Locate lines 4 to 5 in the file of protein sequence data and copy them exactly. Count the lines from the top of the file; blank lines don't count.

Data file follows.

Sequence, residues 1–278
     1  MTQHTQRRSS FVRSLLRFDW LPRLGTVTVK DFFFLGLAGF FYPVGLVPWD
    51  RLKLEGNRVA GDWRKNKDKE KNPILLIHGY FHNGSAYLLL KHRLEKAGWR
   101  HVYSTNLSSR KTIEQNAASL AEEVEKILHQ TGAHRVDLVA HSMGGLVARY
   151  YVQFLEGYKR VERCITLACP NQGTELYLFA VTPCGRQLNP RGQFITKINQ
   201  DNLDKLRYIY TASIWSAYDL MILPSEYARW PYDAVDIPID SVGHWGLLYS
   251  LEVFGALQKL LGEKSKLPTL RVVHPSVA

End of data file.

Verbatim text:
   101  HVYSTNLSSR KTIEQNAASL AEEVEKILHQ TGAHRVDLVA HSMGGLVARY
   151  YVQFLEGYKR VERCITLACP NQGTELYLFA VTPCGRQLNP RGQFITKINQ